I only have one sociopathic ex and it has taken a long time to understand everything and now I do. I am not lying about this experience. Where did you get that from?! Anyway disclosure is everything and honesty at the outset would have been great. Never mind.

        • FNP says

          Well, I mean, it could be from the part where you’ve had 8 other stories about people who can’t possibly be the same person, but they’re all your ex.

          Or it could be the part where you have this idea in your head that this site is talking about how bad psychopaths are like psychopathfree does.

          Really, it’s a combination of those plus the fact you keep responding to completely different things that aren’t about you. Hint: the entire comments section is not about you.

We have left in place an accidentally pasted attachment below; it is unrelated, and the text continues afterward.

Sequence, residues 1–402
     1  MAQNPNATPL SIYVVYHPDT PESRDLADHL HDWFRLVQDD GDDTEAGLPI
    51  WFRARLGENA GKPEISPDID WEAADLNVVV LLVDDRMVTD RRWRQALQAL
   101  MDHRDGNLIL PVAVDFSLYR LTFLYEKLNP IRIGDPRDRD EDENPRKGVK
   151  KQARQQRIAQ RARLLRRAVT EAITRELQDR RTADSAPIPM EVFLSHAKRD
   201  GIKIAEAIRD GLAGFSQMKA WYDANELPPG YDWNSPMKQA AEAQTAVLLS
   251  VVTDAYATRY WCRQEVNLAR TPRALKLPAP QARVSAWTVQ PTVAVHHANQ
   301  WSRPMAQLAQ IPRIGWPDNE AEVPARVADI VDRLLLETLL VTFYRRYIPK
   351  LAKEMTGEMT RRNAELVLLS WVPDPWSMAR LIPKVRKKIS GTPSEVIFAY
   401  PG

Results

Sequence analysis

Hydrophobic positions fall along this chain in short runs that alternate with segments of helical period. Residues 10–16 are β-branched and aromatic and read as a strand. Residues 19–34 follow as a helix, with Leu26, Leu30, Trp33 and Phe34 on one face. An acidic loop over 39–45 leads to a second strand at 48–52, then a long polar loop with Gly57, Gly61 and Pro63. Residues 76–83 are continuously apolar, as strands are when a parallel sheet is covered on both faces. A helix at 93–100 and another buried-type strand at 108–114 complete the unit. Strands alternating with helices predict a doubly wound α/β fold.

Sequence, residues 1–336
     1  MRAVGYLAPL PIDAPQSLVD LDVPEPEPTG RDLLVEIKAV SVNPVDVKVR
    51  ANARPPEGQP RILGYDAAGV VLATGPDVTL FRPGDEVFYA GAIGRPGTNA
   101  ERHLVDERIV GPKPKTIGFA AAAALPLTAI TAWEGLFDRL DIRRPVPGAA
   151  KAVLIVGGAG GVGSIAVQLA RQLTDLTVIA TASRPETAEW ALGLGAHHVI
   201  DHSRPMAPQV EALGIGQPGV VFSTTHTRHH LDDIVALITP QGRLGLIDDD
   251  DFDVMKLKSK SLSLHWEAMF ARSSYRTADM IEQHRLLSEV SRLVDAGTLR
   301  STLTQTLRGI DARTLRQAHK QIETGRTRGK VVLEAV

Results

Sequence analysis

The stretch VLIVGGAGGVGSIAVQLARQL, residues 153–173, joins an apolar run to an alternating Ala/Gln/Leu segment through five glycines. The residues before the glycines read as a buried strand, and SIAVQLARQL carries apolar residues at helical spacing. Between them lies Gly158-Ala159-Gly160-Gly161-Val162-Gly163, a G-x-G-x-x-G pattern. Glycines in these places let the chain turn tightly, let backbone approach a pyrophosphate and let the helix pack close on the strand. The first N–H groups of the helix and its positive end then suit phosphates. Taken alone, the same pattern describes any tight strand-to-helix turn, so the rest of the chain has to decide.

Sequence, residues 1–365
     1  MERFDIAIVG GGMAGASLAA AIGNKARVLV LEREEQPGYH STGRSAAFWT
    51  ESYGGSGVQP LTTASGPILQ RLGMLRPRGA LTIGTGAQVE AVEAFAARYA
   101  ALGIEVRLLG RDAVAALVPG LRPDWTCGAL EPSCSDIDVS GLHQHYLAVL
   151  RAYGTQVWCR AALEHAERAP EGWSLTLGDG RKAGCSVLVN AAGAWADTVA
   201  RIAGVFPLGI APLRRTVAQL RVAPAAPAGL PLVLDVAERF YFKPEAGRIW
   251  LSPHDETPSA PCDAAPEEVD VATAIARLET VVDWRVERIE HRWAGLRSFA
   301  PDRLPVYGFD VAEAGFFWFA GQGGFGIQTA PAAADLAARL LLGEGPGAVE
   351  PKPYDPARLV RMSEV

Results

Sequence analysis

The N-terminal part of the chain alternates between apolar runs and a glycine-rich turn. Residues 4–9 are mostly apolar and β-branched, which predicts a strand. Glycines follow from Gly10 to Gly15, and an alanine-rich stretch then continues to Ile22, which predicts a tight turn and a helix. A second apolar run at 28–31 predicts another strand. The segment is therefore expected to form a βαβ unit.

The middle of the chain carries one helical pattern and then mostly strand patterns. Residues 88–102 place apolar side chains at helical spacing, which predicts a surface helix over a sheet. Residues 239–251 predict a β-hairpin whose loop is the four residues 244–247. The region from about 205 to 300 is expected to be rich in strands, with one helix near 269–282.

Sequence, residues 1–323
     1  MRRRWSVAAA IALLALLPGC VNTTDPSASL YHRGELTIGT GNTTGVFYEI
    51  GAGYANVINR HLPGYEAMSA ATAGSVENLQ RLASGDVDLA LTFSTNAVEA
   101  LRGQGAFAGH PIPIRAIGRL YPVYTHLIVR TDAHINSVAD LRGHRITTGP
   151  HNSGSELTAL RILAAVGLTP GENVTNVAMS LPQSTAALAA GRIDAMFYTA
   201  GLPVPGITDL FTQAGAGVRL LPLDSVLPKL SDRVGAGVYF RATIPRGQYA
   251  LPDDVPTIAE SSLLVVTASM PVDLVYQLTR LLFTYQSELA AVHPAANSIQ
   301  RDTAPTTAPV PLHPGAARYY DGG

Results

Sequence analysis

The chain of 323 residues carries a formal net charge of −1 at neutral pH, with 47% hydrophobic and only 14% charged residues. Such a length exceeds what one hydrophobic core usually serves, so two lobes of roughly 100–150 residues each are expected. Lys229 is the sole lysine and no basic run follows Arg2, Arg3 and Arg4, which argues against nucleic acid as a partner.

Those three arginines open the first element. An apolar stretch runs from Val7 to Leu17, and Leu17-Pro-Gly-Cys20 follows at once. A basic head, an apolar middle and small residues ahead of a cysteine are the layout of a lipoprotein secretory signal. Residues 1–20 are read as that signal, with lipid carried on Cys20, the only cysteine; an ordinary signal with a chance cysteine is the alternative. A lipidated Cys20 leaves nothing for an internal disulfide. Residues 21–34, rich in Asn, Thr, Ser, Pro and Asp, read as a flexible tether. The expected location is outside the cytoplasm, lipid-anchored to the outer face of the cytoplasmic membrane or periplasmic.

4. Rosie says

    I agree whole heartedly with your comment about disclosing in relationships. My ex never told me and I was always trying to figure out things and different behaviours. When he wrote me and a friend read it, he said to me “I think you need to Google tendencies of a sociooarh”. I had no idea what it meant and when I read it, everything made sense, even his last words to me “you played a game with me didn’t you”. If he has told me I would not have cared cos I saw everything and still loved him and at least I would have known his level of feeling would be zero and it wud not have come as the biggest shock of the century which led to me walking away. I miss him like crazy and I’m sure he has moved on now. For a 60 year old he has so much fun and is young at heart.

    • FNP says

      You might have a problem. This is like the 9th different story you’ve told about 9 completely different exes you’ve supposedly had.

      And you think psychopaths are pathological liars…